• '[Croft] : Chatterton was the Sexton’s son'  [which we know is incorrect]  ...Satire was his fort, if anything can be called his fort, who excelled in every thing he undertook....  And ‘...Catcott has another later poem of Chatterton’s, called, I think, ‘The Exhibition.’ The church here also supplied his indignation with a subject. But, as the satire is rather severe, and the characters are living, Catcott does not permit it to be copied.'

  • 167  :  [.QE!.]  Croft compares Chatterton to Milton because they both had that rare ability of being musical. Mentions The Exhibition.

  • 168/9  :  Apostate Will includes pronunciation tip: The e in key is, I believe, in the Somersetshire pronunciation, a.

View  :  Pages 170 - 179

  • 170  :  Happiness


  • [Croft] Though it may not be next in order of composition, for I shall send you nothing which is already printed.

  • [.QE!.] According to Taylor, the poem misses the last two lines: The Saint and Sinner Fool and Wise attain, An equal Share of Easiness and Pain. Finis.  Catcott in B5315, has curst instead of first (Croft) in line 36, Taylor also has curst p.404.   Catcott also misses out two lines (65 and 66 in T, P.405): Then what avails the anxious spitting Pain, Thy Laugh-provoking Labours all are vain.  [.QE!.]    You can see why Catcott chose to ignore these two lines. 


View  :  Pages (179 - 180)

  •  ​The Resignation


View  :  Pages 181 - 185 

  • (Linked to online edition). Sarah and Mary say that Chatterton's Sunday's were generally spent in walking alone, into the country round Bristol, as far as the day would allow him time to return before night. He never failed to bring home drawings of churches or something which had struck him. That he had a turn for drawing, you will see by the figure of a warrior (perhaps Aella) presenting a church on his knee...[??]. Chatterton's sketch of Beckford's statue [??]...of which an engraving is prefixed to his Miscellanies, and the Town and Country Magazine.  Chatterton had acquired skills in heraldry, architecture, music; astronomy, surgery, &c.  Burgum (I think), taught himself Latin and Greek.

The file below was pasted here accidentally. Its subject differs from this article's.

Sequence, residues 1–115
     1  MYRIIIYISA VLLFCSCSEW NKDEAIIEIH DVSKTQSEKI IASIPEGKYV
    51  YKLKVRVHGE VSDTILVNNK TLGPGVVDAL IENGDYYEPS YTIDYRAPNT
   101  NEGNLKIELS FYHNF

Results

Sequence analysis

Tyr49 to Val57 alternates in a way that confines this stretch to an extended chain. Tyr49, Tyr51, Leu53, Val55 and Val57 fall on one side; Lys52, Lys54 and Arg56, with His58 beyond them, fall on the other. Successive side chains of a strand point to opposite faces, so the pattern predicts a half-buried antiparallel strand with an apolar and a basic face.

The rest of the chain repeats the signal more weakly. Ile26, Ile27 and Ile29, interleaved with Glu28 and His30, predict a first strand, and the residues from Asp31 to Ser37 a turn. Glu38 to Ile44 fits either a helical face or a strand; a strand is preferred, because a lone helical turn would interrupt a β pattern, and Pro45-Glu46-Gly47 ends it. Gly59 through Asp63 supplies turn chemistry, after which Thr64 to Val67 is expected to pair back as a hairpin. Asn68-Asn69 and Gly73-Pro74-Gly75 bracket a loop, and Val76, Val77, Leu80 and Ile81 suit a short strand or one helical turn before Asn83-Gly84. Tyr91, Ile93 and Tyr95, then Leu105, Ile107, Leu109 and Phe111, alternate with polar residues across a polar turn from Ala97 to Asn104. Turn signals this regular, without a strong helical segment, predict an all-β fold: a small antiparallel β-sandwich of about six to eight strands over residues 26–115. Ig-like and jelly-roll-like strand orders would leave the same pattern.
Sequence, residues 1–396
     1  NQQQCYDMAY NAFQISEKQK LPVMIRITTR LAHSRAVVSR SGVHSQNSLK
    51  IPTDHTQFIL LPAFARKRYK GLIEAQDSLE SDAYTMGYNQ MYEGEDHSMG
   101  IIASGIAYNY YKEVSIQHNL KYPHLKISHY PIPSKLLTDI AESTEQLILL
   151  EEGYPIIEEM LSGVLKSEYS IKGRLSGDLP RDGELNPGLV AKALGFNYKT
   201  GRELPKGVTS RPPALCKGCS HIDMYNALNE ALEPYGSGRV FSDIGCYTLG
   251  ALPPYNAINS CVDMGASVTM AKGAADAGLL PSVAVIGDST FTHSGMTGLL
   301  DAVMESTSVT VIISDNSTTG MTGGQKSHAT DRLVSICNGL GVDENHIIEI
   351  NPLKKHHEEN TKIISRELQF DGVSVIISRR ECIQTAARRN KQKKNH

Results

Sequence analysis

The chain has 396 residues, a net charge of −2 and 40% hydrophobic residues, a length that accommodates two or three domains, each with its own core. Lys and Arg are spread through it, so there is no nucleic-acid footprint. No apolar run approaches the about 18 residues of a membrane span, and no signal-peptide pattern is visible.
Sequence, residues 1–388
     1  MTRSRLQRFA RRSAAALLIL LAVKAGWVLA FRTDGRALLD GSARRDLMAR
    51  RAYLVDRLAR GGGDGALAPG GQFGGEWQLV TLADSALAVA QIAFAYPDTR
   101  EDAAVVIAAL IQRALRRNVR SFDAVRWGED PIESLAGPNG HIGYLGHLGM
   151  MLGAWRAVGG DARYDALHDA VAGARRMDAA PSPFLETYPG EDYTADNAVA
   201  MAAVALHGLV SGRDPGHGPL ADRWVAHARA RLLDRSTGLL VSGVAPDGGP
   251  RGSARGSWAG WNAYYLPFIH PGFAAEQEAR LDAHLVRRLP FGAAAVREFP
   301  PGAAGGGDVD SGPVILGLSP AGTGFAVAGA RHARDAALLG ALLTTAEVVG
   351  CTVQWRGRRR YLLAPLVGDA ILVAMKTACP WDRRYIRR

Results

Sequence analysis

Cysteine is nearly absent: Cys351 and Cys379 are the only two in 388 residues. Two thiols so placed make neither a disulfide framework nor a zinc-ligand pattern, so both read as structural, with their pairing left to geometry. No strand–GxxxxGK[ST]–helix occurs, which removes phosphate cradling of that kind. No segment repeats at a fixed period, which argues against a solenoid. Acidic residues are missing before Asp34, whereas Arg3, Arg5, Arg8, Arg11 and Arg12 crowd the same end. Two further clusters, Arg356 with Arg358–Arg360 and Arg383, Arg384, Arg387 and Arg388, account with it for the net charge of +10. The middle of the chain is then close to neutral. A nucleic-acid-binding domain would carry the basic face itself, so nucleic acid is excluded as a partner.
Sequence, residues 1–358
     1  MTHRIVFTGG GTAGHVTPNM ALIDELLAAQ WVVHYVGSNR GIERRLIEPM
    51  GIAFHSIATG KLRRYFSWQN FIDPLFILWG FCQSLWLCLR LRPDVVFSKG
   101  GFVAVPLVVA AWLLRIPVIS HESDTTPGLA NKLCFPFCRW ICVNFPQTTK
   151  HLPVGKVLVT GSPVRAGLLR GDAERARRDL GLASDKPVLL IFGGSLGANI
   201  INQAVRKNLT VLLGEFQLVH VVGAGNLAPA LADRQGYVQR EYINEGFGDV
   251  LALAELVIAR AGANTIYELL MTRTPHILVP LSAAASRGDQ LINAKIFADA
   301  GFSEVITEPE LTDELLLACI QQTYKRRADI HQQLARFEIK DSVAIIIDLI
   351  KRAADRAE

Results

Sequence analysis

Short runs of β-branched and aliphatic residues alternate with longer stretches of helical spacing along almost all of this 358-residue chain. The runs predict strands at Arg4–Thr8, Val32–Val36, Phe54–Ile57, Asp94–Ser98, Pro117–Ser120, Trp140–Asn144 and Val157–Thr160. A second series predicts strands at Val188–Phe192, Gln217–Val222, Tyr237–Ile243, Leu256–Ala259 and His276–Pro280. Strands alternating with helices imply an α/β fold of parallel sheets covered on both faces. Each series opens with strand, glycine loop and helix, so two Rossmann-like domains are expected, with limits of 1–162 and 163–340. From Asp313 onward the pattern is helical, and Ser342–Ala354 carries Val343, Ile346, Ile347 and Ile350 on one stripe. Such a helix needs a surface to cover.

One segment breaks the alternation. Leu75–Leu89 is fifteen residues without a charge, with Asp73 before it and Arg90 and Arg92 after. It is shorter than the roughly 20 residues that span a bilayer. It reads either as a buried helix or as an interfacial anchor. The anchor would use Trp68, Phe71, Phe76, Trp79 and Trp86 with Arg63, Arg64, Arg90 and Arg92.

View  :  Pages 186 - 191

  • Catcott’s role in the Rowley / Chatterton story.  Catcott is the man least to be believed. Chatterton believed that genius was no less common to a man and woman, than a pair of eyes or a nose, and asked his sister to improve herself in copying music, drawing, and everything which requires genius.  Chatterton left Bristol for the first time in April 1770, never to return.  Walpole.

View  :   Pages 191 - 193

  • Chatterton’s 1st letter to his Mother, April 26th, 1770 : 'Here I am, safe, and in high spirits’.  TP1064

  • page 193: Walpole.


View  :  Pages 194 - 197

  • Chatterton’s 2nd letter to his Mother, May 6th, 1770 : ‘I am surprised that no letter has been sent to my last.'

  • TP1083

View  :  Pages 197 - 201

  • Chatterton’s 3rd letter to his Mother, May 14th, 1770 : ‘Don't be surprised at the name of the place. I am not here as a prisoner.'

  • The 'King's Bench' Letter. TP1087

View  :  Pages 202 - 205

  • Chatterton’s Letter to his Sister, May 30th, 1770 

View  :  Pages 205 - 207

  • Chatterton’s Letter to his Sister, June 19th & 29th, 1770 

View  :   Pages 207 - 209

  • Chatterton’s Letter to his Mother, July 8th, 1770 

View  :  Pages 209 - 210

  • Chatterton’s Letter to his Sister, July 11th, 1770